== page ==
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The Big Heller Decision Discussion Thread - AFFIRMED 2ND AS INDIVIDUAL RIGHT

Discussion in 'Legal' started by Bartholomew Roberts, Jun 26, 2008.

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  1. Zoogster

    Zoogster Member

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    I think it is time to calmly read the entire decision at length later and go over every detail a few times before any more hypothetical arguments based on parts of it.

    Proud to be an American.
    Let this be step two (after the creation of the 2nd Amendment) to abolishing unjust laws and restrictions.
     
  2. DagoRed

    DagoRed Member

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    Color me happy. :)
     
  3. weisse52

    weisse52 Member

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    Oh Happy day!

    Just in time.
     
  4. leadcounsel

    leadcounsel member

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    Well it was a narrow victory, yes. But it was a victory just the same. While the court could have, and in my opinion SHOULD have granted a more powerful opinion, that more powerful opinion may have cost a critical swing vote.

    The court did it's job and answered the narrow questions it was asked, and they answered them, more or less, correctly.

    I am disturbed at the intellectual dishonesty of the liberal leaning justices. I find it astonishing that 4 SCOTUS Justices got this fundamental Right incorrect!!!

    Todays' verdict was not as powerful as I would have liked, but the bottom line is that it is a strong reversal of decades of anti-Right and anti-gun oppression in our country and cities. Categorical anti-gun bans across the nation will start to fall and as more citizens can enjoy the right, positive things will happen and more pro-gun laws will be passed.

    What we needed was our standard "common" individual gun rights affirmed - and that's what we got. We didn't get a definative answer on the full auto or tax stamp issues, but that will come in time. Let's rejoice in what we got. The recognition that our handguns, rifles, EBRs, shotguns, etc. are lawful.

    And as others have noted, we just KICKED A$$ in the public eye. Much of American fence sitters now side with the individual right interpretation and this will have lasting positive effects for the rest of our lifetimes and beyond.
     
  5. jkingrph

    jkingrph Member

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    I was pleased with the decision, and am amazed at the number of posts on this and numerous other forums, many not firearms related. I knew there was a lot of interest but never expected this.
     
  6. security6

    security6 Member

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    The ruling doesn't cover more of those issues because at best it would carry no force, and at worst would be viewed as unconstitutional. SCOTUS is not the legislature, they can only decide cases and controversies.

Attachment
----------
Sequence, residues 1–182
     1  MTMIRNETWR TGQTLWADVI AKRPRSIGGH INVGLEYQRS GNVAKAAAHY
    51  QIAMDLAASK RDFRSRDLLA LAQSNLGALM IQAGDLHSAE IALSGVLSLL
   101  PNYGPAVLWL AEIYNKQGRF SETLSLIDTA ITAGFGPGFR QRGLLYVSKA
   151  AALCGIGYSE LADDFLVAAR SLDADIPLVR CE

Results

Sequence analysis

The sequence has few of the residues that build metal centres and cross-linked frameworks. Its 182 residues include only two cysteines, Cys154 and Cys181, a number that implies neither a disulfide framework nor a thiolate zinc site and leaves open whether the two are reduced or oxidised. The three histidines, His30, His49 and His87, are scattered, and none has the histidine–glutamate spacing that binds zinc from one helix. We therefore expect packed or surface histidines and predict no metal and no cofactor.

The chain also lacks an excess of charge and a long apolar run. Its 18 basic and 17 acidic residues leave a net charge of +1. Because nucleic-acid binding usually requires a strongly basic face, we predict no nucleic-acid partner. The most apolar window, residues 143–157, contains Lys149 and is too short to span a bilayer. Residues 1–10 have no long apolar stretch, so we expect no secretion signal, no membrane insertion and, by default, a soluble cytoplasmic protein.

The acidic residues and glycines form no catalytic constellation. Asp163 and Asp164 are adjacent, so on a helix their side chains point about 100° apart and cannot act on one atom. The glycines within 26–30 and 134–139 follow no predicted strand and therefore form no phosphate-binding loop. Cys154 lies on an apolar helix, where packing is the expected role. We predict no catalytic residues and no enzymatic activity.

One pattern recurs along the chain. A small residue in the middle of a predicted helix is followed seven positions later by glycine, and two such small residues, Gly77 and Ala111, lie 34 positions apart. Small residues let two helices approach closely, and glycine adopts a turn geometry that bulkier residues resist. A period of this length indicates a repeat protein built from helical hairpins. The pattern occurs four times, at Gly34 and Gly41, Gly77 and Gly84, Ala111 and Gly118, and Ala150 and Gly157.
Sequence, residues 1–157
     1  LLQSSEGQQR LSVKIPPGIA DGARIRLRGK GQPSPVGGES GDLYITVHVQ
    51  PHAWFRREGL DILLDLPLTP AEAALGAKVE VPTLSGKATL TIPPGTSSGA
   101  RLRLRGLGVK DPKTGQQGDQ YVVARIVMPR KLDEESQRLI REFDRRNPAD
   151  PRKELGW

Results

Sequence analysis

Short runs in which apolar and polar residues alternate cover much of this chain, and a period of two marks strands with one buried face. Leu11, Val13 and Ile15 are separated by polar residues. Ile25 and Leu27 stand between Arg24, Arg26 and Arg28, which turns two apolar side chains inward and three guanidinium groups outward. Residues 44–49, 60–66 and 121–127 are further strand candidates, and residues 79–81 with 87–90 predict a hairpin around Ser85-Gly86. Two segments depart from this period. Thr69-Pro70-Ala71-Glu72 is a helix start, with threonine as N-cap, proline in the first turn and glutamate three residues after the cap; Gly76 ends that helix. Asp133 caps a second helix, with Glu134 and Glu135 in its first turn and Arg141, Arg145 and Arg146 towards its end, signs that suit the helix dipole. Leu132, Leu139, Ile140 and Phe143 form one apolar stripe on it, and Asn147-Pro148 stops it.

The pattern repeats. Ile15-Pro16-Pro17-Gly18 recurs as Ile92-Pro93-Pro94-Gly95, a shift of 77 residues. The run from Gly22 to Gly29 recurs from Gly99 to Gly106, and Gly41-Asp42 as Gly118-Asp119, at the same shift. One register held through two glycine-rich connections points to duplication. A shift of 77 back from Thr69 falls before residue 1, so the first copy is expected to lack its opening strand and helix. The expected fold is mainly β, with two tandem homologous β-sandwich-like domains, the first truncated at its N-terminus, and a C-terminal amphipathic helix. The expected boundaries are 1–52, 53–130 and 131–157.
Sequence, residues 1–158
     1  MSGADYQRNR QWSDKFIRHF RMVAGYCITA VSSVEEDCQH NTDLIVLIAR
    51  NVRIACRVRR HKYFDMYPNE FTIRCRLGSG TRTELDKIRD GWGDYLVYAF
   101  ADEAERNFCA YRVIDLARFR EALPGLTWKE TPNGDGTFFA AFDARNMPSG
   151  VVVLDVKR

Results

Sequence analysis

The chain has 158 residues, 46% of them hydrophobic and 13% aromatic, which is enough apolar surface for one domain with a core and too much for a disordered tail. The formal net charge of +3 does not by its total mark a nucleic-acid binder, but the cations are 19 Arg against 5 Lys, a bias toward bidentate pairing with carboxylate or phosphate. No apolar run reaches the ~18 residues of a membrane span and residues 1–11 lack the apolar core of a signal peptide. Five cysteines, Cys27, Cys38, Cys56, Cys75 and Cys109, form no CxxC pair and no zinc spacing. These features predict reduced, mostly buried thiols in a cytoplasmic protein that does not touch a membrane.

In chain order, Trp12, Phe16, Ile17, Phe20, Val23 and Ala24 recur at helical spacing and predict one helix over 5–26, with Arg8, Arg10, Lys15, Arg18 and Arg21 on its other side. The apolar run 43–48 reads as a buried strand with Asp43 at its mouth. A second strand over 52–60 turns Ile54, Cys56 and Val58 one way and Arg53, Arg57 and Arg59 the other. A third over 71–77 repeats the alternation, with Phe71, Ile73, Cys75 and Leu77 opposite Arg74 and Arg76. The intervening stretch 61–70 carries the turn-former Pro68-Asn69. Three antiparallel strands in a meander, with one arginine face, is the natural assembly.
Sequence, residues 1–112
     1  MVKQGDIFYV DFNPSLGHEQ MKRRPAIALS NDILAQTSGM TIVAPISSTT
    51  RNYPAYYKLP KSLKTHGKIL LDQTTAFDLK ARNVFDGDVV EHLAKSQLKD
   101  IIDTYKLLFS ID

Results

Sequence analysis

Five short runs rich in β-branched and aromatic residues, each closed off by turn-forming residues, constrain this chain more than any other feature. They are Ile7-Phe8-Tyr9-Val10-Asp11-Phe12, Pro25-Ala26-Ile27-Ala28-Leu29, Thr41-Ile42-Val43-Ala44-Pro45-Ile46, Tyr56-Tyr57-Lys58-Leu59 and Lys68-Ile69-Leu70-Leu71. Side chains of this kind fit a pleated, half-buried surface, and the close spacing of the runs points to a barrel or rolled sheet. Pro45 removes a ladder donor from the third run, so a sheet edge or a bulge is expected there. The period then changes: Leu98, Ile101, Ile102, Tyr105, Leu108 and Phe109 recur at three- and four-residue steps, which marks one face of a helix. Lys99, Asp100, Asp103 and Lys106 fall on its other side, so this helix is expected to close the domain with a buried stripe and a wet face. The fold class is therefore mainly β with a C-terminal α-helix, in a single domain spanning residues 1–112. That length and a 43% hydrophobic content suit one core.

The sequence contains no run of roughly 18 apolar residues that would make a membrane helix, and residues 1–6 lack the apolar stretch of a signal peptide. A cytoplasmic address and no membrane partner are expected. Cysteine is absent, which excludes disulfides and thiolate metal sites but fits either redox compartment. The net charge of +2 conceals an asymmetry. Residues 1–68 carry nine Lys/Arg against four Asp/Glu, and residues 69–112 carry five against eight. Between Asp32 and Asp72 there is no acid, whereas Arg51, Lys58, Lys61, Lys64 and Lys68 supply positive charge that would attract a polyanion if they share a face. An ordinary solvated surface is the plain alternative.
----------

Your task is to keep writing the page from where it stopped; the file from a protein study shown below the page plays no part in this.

7. bumm

    bumm Member

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    This is a BIG victory and a wonderful day for America in more ways than one. If the 2nd Amendment had been gutted, so could all the rest. The decision was quite narrow, but that's what most of us expected. Now we can build on that victory.
    The scary part is how close we came to losing. ONE vote! The NRA has been criticized for avoiding a Supreme Court case, and this has shown them to have been right in doing so! In earlier courts, we probably would have lost!
    Marty
     
  8. BrianB

    BrianB Member

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    Illinois State Rifle Association filed suit against Chicago within 15 minutes of the ruling. NRA followed, including a few suburbs with handgun bans. 1st salvo....
     
  9. another okie

    another okie Member

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    1. The fact that it was 5-4 even for such a narrow pro-gun ruling explains why the NRA and many other organizations have been reluctant to pursue lawsuits. And this is the best Supreme Court for our purposes we have had for a long time and the best we are likely to have. Bear in mind Republicans have been in the White House for 20 out of the last 28 years, and yet we still have four justices willing to uphold an absolute ban on handguns.

    2. Having read the full opinion of the court and the two dissents, I can summarize them this way:

    Scalia: individual right, the purpose of which is to make sure we are well armed for our militia role and for self-defense, and this law violates it. But apparently it just barely violates it, since licensing and registration are ok.

    Stevens, dissent # 1: Individual right, but only for those in the militia.

    Breyer, dissent #2: individual right, but the DC ban is a reasonable response to urban crime. (basically this is Obama's position)

    3. Since all the dissenters signed on to Breyer's dissent, they are all on record as saying there is an individual right for everyone, not just militia members.

    4. I was happy to see the antis forced to discuss history and legislative intent. Once they're on that ground, they will lose.
     
  10. bumm

    bumm Member

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    I forgot to mention in my earlier post... The dissenting justices should be ASHAMED of themselves! They know as well as anyone else what the 2nd Amendment means, and they were willing to contort the meaning and intent of the framers to press their personal anti-gun agendas. They took an oath to uphold the constitution...
    Marty
     
  11. borntwice

    borntwice Member

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    Marty, that's why this presidential election is so critical; we have to keep the leftist out, so the Court isn't packed with more leftists. Thank God that Bush gave us two very good Justices.
     
  12. yokel

    yokel Member

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    Alas, there is nothing truly astonishing these days about four rogue "justices" who ignore the Constitution to impose personal moral and policy preferences.